ELIZABETHTOWN — Three defeats in the federal courtroom of Judge Earl Britt haven’t diminished the resolve of the hog farming industry.
“We don’t know which three judges we’ll draw, but we feel confident that whichever ones are there that this will get overturned,” said David Mixon, operations manager for Elizabethtown-based HD3 Farms of the Carolinas.
Greenwood Livestock LLC, a division of HD3 Farms, is owner of the Greenwood 1 and 2 farms that were in the most recent lawsuit. A jury ruled in favor of plaintiffs, awarding $473.5 million in damages against defendant Murphy-Brown, a subsidiary of Smithfield Foods that contracts with Greenwood and HD3 Farms.
State law on punitive damages caps the award at $94 million.
The other two cases involved Kinlaw Farms, off N.C. 53 in the White Oak community of Bladen County, and the Joey Carter Farm near Beaulaville in Duplin County. Appeals in all three cases are moving forward at the 4th Circuit Court of Appeals in Richmond, Virginia.
There is also talk of settlement. In a motion filed last week, lawyers for both sides said, “The parties have also agreed to pursue potential options for alternative resolution of future trials.”
Back on the farms, Smithfield has sent letters explaining why it can’t continue with new contracts.
“Right now, to be honest, we’re supporting the ones that are out there,” Mixon said of the next steps, referring to 23 more nuisance cases coming. “We’ve met with Gregg Schmidt. They’re confident on the appeals.”
Schmidt is president of the hog production division of Smithfield Foods.
In the case involving HD3 Farms and Greenwood, if an appeal happened, the farm will be ready to continue operations.
“It’s looking like Greenwood 1 will start running out at the end of September,” Mixon said of hogs going to production. “Greenwood 2 will probably be out middle of October. Both sites at that point will be empty.
“We’re continuing to run it like we’re going to get hogs, because we’re still hopeful this appeals thing will get taken care of before we get to that point. We’re running it like we’re going to be in business right through. That’s what we’re hoping for, and I do feel confident eventually we’ll get hogs back in the building.”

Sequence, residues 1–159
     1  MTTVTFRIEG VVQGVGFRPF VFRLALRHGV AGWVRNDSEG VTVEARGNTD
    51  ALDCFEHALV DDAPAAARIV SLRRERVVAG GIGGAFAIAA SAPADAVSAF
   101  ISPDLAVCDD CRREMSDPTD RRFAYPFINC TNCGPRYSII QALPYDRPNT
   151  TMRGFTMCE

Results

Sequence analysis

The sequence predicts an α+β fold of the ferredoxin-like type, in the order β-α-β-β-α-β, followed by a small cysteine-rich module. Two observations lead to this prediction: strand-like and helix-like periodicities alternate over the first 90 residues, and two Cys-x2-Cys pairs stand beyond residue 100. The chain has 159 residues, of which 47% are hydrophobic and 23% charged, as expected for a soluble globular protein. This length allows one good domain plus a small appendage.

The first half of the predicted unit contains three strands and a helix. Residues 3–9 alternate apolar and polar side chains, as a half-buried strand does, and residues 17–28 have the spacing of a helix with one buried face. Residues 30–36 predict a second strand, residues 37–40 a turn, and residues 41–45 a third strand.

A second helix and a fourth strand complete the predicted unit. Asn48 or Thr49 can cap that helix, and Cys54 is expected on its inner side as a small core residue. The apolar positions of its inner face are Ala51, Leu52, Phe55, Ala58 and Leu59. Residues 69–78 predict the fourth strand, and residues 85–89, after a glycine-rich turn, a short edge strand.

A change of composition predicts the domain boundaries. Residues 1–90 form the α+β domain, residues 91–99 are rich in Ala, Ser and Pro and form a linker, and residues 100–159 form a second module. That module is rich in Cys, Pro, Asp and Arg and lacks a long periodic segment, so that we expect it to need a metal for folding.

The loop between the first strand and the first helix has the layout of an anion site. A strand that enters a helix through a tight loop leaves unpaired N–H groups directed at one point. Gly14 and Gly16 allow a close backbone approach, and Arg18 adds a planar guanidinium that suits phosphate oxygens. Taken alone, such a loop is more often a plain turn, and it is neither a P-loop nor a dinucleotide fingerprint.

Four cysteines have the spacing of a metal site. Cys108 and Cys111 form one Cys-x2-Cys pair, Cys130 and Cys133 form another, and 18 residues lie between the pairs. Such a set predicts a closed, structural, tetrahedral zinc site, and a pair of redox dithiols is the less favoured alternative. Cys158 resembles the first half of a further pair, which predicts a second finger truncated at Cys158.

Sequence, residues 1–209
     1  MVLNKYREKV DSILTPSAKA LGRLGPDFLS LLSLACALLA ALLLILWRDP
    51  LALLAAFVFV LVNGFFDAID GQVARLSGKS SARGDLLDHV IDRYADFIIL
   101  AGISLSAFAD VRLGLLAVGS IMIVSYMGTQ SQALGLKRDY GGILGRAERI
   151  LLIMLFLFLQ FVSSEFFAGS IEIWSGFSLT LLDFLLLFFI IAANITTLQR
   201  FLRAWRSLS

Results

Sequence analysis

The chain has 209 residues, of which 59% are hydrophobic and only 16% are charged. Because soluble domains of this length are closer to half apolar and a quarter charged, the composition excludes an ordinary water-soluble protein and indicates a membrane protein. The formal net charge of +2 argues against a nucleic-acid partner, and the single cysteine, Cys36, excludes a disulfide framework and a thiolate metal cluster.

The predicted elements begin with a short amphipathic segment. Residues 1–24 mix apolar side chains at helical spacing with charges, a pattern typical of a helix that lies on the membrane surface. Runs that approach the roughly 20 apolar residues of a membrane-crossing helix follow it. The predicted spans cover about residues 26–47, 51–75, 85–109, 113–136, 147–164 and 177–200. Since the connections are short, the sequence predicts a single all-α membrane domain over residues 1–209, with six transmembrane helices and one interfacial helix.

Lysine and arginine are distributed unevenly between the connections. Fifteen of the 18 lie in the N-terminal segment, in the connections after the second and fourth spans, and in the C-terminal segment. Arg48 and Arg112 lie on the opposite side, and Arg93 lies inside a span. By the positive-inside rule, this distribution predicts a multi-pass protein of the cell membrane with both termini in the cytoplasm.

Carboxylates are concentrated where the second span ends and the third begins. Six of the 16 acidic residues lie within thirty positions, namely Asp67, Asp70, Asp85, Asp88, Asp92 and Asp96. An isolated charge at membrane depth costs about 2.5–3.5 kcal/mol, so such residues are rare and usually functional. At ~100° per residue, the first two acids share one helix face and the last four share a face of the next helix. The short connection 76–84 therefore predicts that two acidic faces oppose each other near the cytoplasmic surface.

That means the operation at 6500 Piney Woods Road in Willard will be cleaned and prepped once the hogs there go to production. Equipment will get checked and repaired where necessary. The day things change, Mixon said, the farm will be ready.
Judge Earl Britt issued a far-reaching gag order for all three cases, which have ended with plaintiffs awarded $549.25 million in damages — $97.88 million after state law is applied to punitive damages. Schmidt and Smithfield Foods representatives are among those prevented from speaking publicly about the cases and were not able to comment for this story.
Hog farming provides 46,000 jobs and is an $11 billion industry in the state. HD3 Farms has 27 locations in eight counties.
Reverberations from the lawsuits have already hit Washington, D.C.
North Carolina Sen. Thom Tillis said out-of-state lawyers are taking advantage of “legal technicalities.” Steve Troxler, the state agriculture commissioner, has called it a “blight” and threat to farmers and ranchers across the country.
Zippy Duvall, of the American Farm Bureau Federation, and former acting deputy U.S. agriculture secretary in the Obama administration Michael Scuse, now the Delaware agriculture secretary, said people move in around farms and then object to what is around them.
“This is really and truly a nationwide issue,” Scuse said.
Perhaps even one that an overturn in Richmond won’t necessarily solve.
“I don’t think anybody thought it would get to this point,” Mixon said. “When you look at it in a legal sense, we’ve not broken any laws, we’ve followed the state laws, everybody felt pretty good that we’d win this thing. I think we’re very optimistic about the appeals court. But let me also say, we were optimistic about the first cases.
“I think everybody is kind of scratching their heads. Even Smithfield. We’re shocked to this point.”
Still, he said, his company is working hard and trying to help others who will soon have a day in court. And they hope their day in Richmond is better than in Raleigh.
”You’ve got to believe when put into a judge’s hand, and not playing on people’s emotions, it’s strictly law,” Mixon said. “When it is looked at that way — have we done anything to break the law? — everybody feels we’ve done what we’re supposed to do. And in our case, with our farm, we’ve done things to improve.
“We’ve gone above and beyond, to go that extra step beyond and become more efficient. We’ve got great people in management. It’s a shame to see hogs pulled out of the buildings.”
Alan Wooten can be reached at 910-247-9132 or email@example.com. Twitter: @alanwooten19.